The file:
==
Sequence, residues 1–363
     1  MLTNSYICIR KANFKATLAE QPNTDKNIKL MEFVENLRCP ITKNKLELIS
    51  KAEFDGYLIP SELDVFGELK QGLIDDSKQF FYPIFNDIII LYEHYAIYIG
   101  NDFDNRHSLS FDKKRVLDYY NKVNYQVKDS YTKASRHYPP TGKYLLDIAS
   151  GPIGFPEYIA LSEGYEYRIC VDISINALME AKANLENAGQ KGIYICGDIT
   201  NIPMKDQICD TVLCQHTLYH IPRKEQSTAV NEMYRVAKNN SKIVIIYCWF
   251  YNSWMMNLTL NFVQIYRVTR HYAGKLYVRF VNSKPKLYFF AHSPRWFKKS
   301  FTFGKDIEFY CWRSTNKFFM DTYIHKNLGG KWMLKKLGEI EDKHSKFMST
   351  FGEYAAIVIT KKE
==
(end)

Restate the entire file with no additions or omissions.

Sequence, residues 1–363
     1  MLTNSYICIR KANFKATLAE QPNTDKNIKL MEFVENLRCP ITKNKLELIS
    51  KAEFDGYLIP SELDVFGELK QGLIDDSKQF FYPIFNDIII LYEHYAIYIG
   101  NDFDNRHSLS FDKKRVLDYY NKVNYQVKDS YTKASRHYPP TGKYLLDIAS
   151  GPIGFPEYIA LSEGYEYRIC VDISINALME AKANLENAGQ KGIYICGDIT
   201  NIPMKDQICD TVLCQHTLYH IPRKEQSTAV NEMYRVAKNN SKIVIIYCWF
   251  YNSWMMNLTL NFVQIYRVTR HYAGKLYVRF VNSKPKLYFF AHSPRWFKKS
   301  FTFGKDIEFY CWRSTNKFFM DTYIHKNLGG KWMLKKLGEI EDKHSKFMST
   351  FGEYAAIVIT KKE